Hereditary spherocytosis (HS) is the most common cause of inherited red cell membrane disorders and affects approximately 1 out of every 2,000–5,000 people. Although seen in all ethnicities, it is more common in people from northern European ancestry. Clinical presentation is variable, ranging from asymptomatic to severe form of anemia, and can be exacerbated by pregnancy, sudden blood loss, or superimposed infection, i.e., parvovirus that targets the erythroid precursors. Some patients, who later on develop only mild or moderate anemia, can present with severe transfusion-dependent anemia in the neonatal period due to ineffective erythropoiesis as well as increased splenic function immediately after birth . Due to marked hemolysis leading to increased bilirubin levels, these infants are prone to acute bilirubin encephalopathy, also known as kernicterus. Moreover, the diagnosis can be challenging in the neonatal period due to unreliability of biochemical tests like osmotic fragility and eosin-5′ maleimide if age-appropriate controls are not used. Furthermore, spherocytosis due to other causes, i.e., ABO incompatibility, can also confound some of these tests that rely mainly on the presence of spherocytes for diagnosis.
Mutations in ankyrin gene (ANK1) is the most common cause of HS in Northern European populations but is seen in only 5–10% of Japanese patients. The majority of them are familial mutations inherited in an autosomal dominant form. Autosomal recessive mutations have been described and they usually represent the de novo mutations. Ankyrin protein has a binding site for band 3 that links beta-spectrin to band 3, and the deficiency of ankyrin protein leads to a decrease in spectrin assembly on the membrane, ultimately leading to membrane loss . No homozygous mutation has been described; however, a possibility of mild homozygous or compound homozygous mutations mimicking a de novo pattern cannot be ruled out for certainty [3, 4]. Mutations have been described all along the ANK1 gene, frameshift and nonsense mutations are mainly seen in patients with autosomal dominant inheritance, and missense mutations and promoter site mutations are mainly seen in the autosomal recessive form of HS . Other commonly mutated genes in HS are SPTB, SLC4A1, EPB42 and SPTA1, which encode beta-spectrin, band-3, protein 4.2, and alpha-spectrin, respectively.
Next-generation sequencing (NGS) provides a comprehensive and cost-effective approach to molecular diagnosis of hereditary hemolytic anemia, especially in cases where biochemical testing is unreliable due to multiple transfusions. This technology has been used successfully to determine the molecular basis of HS in complex scenarios, i.e., autosomal recessive with lack of family history or in neonatal period with severe anemia leading to multiple transfusions .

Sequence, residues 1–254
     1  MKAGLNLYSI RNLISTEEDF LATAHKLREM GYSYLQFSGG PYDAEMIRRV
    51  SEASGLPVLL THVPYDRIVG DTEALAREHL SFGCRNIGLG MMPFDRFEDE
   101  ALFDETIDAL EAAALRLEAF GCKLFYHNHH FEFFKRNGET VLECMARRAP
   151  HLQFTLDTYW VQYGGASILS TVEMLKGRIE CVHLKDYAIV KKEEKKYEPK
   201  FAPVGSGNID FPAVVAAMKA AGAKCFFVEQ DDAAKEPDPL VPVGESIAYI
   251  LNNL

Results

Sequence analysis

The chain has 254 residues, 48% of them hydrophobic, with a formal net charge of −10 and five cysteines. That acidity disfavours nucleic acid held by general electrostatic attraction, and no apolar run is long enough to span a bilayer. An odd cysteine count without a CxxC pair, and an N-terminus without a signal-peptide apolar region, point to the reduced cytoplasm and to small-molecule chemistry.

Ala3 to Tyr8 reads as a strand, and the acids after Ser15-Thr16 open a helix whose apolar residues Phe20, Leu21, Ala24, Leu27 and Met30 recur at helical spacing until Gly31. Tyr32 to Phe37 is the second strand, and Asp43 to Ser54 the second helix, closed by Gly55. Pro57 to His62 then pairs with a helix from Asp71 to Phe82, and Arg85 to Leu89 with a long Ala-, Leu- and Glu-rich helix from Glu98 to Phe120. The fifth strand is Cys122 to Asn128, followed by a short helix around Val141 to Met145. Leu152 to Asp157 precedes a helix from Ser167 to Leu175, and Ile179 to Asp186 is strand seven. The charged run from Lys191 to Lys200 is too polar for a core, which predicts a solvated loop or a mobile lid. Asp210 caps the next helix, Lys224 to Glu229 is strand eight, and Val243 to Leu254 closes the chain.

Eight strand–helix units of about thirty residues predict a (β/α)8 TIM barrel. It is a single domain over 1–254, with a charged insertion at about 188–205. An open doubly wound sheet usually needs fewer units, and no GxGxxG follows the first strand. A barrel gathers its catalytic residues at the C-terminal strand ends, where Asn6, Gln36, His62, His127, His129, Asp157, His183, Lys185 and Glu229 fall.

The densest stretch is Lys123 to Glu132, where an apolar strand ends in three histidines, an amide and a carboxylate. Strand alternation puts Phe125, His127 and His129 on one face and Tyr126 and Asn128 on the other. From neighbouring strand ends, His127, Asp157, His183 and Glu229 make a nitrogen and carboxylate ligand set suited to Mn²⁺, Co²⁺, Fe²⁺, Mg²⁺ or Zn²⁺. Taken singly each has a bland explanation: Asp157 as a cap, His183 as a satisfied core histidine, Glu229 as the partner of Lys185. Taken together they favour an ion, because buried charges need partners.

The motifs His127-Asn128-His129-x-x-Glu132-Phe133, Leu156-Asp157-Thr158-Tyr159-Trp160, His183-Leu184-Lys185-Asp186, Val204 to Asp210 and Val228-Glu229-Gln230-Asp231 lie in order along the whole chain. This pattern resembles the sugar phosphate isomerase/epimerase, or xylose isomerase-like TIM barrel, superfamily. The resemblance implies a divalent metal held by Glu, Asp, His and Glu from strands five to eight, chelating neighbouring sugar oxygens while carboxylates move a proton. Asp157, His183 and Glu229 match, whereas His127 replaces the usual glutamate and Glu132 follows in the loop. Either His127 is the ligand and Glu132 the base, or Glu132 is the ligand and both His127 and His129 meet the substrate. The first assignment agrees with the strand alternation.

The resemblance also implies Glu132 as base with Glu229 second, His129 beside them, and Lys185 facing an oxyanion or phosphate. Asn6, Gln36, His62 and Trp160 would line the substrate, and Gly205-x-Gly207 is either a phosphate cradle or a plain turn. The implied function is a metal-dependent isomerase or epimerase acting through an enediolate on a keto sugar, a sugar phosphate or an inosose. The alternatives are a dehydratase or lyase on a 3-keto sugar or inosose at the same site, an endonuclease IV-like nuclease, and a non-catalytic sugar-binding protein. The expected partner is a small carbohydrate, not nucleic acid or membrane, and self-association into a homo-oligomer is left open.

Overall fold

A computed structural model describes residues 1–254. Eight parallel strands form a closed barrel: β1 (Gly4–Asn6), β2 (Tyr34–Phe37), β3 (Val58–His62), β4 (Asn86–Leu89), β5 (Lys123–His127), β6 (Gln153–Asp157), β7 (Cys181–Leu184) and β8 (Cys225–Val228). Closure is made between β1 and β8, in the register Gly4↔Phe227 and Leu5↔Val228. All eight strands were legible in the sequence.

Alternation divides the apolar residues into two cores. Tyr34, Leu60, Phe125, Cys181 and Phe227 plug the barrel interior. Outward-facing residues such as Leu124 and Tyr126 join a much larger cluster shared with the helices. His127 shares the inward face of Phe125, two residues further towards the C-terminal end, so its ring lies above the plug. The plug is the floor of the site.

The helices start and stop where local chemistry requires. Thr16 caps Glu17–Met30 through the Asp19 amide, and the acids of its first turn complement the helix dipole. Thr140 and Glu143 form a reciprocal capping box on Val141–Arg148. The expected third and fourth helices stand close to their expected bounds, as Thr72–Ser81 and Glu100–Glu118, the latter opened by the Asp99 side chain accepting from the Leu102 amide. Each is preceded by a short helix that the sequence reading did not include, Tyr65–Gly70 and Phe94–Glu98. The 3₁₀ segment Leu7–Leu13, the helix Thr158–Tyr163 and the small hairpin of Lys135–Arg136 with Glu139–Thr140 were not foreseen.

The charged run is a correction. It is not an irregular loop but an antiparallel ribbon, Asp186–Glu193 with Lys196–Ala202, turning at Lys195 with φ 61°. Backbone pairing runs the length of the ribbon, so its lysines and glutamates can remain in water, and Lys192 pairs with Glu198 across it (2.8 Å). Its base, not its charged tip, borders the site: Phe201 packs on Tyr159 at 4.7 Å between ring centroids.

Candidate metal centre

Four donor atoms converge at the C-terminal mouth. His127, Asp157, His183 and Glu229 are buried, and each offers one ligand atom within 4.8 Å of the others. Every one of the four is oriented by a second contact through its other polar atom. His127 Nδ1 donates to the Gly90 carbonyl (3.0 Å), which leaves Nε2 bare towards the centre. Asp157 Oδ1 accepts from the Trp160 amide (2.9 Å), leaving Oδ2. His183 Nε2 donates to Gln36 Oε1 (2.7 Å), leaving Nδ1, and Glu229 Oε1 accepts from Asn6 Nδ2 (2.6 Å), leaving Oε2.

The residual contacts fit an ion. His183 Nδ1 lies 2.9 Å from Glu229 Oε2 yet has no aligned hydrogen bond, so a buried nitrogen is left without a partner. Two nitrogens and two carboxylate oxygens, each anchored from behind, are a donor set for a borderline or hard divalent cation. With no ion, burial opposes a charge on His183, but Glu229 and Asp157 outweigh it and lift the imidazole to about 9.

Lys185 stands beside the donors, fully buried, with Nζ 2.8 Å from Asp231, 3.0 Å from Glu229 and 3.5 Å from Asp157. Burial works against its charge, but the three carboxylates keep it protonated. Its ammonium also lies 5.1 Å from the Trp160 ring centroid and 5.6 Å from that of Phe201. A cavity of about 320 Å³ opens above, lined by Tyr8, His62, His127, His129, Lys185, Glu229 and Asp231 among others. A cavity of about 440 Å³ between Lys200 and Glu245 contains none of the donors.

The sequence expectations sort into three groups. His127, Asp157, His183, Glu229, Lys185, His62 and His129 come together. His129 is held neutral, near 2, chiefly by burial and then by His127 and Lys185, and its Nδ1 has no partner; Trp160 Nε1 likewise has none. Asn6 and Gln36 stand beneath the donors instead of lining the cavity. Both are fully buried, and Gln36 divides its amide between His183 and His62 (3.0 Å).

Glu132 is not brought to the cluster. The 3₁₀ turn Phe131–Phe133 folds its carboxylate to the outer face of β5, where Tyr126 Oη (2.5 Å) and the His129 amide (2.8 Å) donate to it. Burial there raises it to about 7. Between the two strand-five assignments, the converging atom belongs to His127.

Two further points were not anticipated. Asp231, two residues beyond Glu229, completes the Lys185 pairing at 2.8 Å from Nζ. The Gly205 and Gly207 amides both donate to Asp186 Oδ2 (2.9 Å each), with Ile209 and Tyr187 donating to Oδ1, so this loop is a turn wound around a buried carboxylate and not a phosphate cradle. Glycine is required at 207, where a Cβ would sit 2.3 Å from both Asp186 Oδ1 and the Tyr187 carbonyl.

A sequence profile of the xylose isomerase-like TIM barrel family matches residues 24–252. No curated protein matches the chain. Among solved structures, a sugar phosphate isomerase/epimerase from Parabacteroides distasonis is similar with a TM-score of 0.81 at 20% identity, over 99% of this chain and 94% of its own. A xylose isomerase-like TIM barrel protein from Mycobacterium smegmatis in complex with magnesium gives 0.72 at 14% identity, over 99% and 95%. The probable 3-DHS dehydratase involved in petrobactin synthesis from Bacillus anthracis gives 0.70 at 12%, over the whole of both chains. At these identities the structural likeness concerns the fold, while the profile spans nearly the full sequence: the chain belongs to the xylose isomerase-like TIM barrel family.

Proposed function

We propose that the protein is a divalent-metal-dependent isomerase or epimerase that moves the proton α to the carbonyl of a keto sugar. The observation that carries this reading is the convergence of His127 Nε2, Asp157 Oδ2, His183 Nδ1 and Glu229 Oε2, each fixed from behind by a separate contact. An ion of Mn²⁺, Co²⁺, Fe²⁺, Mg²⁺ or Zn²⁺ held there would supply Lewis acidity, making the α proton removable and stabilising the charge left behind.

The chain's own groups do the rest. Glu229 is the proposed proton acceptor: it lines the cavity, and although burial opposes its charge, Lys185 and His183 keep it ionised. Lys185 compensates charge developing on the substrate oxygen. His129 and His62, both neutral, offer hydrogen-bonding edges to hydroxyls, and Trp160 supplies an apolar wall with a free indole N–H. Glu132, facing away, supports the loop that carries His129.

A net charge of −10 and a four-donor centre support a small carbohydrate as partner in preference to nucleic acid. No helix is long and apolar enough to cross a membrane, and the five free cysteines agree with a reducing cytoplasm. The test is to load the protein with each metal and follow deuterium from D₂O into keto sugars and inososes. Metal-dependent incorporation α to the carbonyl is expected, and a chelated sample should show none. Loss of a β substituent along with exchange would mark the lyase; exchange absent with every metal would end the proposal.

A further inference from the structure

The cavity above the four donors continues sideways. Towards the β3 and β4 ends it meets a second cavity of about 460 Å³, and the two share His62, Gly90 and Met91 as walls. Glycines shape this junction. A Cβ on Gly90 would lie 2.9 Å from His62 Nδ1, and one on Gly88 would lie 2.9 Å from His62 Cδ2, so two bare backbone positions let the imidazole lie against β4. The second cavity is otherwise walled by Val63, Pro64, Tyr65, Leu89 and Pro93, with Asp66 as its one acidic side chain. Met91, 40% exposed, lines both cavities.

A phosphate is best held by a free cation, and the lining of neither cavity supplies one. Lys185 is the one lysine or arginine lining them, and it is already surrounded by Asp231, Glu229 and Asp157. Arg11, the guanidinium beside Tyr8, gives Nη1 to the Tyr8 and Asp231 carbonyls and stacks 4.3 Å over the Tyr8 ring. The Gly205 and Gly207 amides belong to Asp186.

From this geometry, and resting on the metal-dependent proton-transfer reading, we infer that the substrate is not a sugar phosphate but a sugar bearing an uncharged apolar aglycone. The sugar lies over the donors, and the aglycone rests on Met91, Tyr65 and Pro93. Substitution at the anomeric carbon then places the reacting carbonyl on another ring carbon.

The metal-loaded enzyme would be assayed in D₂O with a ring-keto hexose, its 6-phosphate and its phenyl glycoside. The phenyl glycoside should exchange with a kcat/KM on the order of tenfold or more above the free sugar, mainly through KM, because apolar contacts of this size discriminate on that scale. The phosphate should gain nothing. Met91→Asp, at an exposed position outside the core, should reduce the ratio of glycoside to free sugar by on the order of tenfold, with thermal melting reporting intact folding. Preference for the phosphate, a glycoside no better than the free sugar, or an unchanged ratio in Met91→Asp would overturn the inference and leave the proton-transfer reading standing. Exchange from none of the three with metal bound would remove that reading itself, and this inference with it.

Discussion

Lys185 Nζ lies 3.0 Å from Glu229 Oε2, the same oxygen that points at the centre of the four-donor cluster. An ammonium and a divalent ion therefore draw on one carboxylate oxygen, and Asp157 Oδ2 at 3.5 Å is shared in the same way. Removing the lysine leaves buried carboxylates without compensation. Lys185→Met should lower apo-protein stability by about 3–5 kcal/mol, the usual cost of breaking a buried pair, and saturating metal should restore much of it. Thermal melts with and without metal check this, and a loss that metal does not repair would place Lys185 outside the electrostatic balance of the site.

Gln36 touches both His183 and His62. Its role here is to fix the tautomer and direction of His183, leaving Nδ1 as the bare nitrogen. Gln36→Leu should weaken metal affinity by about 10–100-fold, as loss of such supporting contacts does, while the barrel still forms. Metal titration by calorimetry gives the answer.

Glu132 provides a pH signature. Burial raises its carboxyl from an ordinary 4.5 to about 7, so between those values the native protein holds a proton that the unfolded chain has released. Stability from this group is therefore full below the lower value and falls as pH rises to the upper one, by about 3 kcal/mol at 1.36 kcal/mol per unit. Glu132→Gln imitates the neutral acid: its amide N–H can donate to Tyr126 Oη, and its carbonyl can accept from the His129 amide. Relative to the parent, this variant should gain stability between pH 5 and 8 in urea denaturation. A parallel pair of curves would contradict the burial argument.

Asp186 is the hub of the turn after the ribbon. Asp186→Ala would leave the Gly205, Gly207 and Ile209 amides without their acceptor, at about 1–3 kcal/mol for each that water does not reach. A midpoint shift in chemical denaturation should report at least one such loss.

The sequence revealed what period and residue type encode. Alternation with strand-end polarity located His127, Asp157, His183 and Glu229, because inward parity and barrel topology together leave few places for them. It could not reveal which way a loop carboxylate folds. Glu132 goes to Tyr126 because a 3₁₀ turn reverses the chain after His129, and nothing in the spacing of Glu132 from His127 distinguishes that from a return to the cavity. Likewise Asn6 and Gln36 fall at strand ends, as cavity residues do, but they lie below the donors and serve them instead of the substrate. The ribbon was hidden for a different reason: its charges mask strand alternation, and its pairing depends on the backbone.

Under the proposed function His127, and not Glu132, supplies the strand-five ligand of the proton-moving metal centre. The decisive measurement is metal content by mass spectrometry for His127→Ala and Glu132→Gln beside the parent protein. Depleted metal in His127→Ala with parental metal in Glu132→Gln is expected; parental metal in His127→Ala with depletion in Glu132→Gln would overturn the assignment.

In an earlier issue of Acta Haematologica, Luo et al.  reported a novel ankyrin mutation using NGS and have reviewed the relevant literature focusing on the pediatric/neonatal population. The propositus is a female neonate who presented with total bilirubin of 65 µmol/L and direct bilirubin of 19.4 µmol/L. In the following 3 days, her hemoglobin level went down from 11 to 6.7 g/dL, with a high mean corpuscular hemoglobin concentration of 372–384 g/L with an elevated reticulocyte count of 4.3%. Her mother has had jaundice, anemia, and splenomegaly for 17 years. The father of the propositus was clinically normal. NGS and Sanger sequencing revealed a splicing ANK1 mutation (c.2960+2T>G) in both the patient and her mother. No mutation was detected in the father. This appears to be a novel pathogenic splice site mutation. Although definitive confirmation of pathogenicity of a splice site variant requires functional analysis by either RNA or protein, it would be fair to assume that this variant is likely pathogenic based on these criteria: (a) according to American College of Medical Genetics standard and guidelines for the interpretation of sequence variants, this variant will be regarded as PVS1 null variant due to the site of the mutation, i.e., canonical +2 splice site; (b) the molecular defects matched the HS phenotype in the family; (c) another HS-causing mutation described in the literature  at c.2960+1G>A.
Luo et al.’s study  not only reports a novel splice site mutation in ANK1 gene, it also emphasizes the utility of NGS in the diagnosis of these complex multigene disorders. Identifying the underlying genetic cause not only helps with the management of the patient, it also facilitates accurate genetic counselling and helps in guidance regarding the predicted severity of clinical phenotype.
No conflicts of interest to disclose.